August 12 in history:
The U.S flag was raised over Iolani Palace in Honolulu on August 12th, 1898, marking America’s official annexation of Hawaii. The last monarch to reign over Hawaii from the palace was Queen Lili’uokalani.
August 12th is marked as the day in 30 B.C. when Egyptian Queen Cleopatra the 7th died, apparently committing suicide by allowing a snake to bite her.
Director Cecil B. DeMille, born on this date in 1881, made a movie about Cleopatra in 1934, starring Claudette Colbert. “Cleopatra” was nominated for best picture at the Academy Awards the following year.
Actor John Cazale only made five movies in his brief career, but they were all nominated for best picture Oscars: the first two “Godfather” films, “The Conversation”, “Dog Day Afternoon” and “The Deer Hunter”. Cazale died of cancer at age 42. He was born August 12th, 1935.
The Persian Gulf War ended on February 28th, 1991 – less than two months after U.S. troops began the invasion to liberate Kuwait from Iraqi control.
The Navy ship USS Princeton was the site of a deadly explosion on this date in 1844. President John Tyler and members of his cabinet were aboard the Princeton on the Potomac River when a cannon exploded during a demonstration. Tyler was not hurt, but the blast killed Secretary of State Abel Upshur and the Secretary of the Navy, among others.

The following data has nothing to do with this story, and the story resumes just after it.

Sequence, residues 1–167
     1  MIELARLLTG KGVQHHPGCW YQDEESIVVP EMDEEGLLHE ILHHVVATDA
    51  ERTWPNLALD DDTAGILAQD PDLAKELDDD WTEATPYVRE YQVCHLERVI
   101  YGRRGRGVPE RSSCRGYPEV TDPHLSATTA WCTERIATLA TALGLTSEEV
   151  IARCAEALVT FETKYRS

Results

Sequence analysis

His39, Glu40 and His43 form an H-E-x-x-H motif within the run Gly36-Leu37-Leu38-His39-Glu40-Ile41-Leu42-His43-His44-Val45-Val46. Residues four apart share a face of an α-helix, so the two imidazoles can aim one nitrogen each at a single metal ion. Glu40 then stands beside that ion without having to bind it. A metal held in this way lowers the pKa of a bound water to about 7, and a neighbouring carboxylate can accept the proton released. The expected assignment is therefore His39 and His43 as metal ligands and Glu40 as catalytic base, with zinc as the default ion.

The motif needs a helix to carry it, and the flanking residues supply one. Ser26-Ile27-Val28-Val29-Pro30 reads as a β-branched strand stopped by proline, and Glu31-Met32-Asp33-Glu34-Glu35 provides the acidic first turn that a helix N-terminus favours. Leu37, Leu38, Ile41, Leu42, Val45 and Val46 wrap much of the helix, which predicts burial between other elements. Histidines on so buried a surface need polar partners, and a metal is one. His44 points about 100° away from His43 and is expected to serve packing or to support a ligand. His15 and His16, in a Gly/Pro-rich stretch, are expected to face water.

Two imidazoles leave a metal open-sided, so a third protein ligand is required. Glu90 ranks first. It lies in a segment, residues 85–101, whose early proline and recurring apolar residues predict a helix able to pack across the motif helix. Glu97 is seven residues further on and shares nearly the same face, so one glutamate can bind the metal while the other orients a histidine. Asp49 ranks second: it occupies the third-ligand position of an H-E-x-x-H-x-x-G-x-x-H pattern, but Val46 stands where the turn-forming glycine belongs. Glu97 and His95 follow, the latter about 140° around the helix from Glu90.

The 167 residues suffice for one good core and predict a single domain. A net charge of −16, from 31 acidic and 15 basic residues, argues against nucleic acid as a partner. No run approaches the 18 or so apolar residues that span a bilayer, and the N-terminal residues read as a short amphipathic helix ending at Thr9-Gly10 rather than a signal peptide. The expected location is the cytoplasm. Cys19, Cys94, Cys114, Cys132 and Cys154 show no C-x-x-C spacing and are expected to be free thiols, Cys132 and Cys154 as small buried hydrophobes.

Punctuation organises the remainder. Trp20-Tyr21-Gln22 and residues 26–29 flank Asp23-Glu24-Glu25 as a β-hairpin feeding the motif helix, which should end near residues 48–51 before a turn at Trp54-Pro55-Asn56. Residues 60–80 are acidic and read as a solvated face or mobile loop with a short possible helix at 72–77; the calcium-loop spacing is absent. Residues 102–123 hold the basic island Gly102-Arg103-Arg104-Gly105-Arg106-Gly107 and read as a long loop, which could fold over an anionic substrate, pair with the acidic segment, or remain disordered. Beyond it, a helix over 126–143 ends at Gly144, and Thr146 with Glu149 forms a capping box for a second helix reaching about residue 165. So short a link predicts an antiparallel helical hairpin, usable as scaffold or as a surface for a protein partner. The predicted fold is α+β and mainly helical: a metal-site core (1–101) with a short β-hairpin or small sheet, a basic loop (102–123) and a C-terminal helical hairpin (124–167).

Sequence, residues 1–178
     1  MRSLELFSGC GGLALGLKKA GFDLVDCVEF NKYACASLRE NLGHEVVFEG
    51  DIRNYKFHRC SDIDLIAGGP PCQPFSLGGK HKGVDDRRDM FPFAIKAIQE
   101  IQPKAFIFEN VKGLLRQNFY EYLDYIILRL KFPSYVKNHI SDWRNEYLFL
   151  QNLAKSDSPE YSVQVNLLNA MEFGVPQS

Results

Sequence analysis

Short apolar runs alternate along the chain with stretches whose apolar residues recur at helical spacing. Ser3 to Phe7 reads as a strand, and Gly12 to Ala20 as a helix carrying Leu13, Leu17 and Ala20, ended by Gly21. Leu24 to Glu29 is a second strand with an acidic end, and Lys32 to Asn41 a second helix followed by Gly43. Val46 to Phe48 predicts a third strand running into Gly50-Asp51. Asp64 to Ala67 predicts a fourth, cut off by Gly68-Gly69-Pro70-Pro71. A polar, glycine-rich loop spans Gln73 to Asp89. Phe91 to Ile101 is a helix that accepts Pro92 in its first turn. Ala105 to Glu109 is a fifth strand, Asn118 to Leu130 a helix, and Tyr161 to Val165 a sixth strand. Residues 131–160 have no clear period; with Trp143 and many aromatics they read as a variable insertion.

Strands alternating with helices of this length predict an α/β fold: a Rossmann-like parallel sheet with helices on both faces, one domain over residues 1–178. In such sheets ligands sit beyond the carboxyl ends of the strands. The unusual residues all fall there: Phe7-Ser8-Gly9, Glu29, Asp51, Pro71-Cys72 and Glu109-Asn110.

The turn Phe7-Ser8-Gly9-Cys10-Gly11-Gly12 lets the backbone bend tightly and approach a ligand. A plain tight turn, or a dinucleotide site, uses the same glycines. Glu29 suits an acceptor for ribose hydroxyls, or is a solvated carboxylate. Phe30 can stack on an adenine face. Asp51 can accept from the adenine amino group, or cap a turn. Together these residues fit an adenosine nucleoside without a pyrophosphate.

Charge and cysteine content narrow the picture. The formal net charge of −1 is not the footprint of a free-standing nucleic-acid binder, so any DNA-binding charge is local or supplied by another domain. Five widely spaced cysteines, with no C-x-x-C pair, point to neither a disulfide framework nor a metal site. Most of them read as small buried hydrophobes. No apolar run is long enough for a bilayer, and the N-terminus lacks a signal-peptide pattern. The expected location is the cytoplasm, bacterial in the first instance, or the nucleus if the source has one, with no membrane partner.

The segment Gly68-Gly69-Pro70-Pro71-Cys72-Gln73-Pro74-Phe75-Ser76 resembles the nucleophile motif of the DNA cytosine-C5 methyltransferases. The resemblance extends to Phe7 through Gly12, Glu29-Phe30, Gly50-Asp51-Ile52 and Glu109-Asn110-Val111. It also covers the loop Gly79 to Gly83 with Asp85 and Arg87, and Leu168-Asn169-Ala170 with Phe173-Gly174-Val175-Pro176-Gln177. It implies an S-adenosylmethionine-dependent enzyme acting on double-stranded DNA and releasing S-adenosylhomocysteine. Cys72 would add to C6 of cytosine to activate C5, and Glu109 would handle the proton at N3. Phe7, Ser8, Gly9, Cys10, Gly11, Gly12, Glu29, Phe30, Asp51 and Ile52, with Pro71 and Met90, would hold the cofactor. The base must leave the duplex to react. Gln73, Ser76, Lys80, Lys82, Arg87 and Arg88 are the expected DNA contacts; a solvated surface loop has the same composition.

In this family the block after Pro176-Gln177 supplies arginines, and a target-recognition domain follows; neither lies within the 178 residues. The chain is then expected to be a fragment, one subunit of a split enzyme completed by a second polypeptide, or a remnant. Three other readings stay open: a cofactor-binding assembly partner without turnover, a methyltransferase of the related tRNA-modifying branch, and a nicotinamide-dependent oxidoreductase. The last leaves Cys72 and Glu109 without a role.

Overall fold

Charles Durning, born February 28th, 1923, played a president, a U.S. Senator, a governor, and many other authority figures, as well as Santa Claus, during a long acting career. He may be best known for roles in The Sting, Dog Day Afternoon, and Tootsie. Durning also fought in World War II, and took part in the D-Day invasion at Normandy.
It’s also the birthday of Gavin MacLeod (1931), who has played several military roles on-screen, in Operation Petticoat, Pork Chop Hill, and the TV series “McHale’s Navy.” MacLeod’s most famous TV characters are Murray Slaughter on “The Mary Tyler Moore Show” and Capt. Merrill Stubing on “The Love Boat.”
Pork Chop Hill was a Korean War drama. The TV series “M*A*S*H” was a Korean War comedy which became more serious during its 11-year run on CBS. On February 28th, 1983, over 100 million people watched the movie-length finale of “M*A*S*H,” in which the war ended. “M*A*S*H” lasted longer than the combined total of the Korean War, the Gulf War, and the Tyler Administration.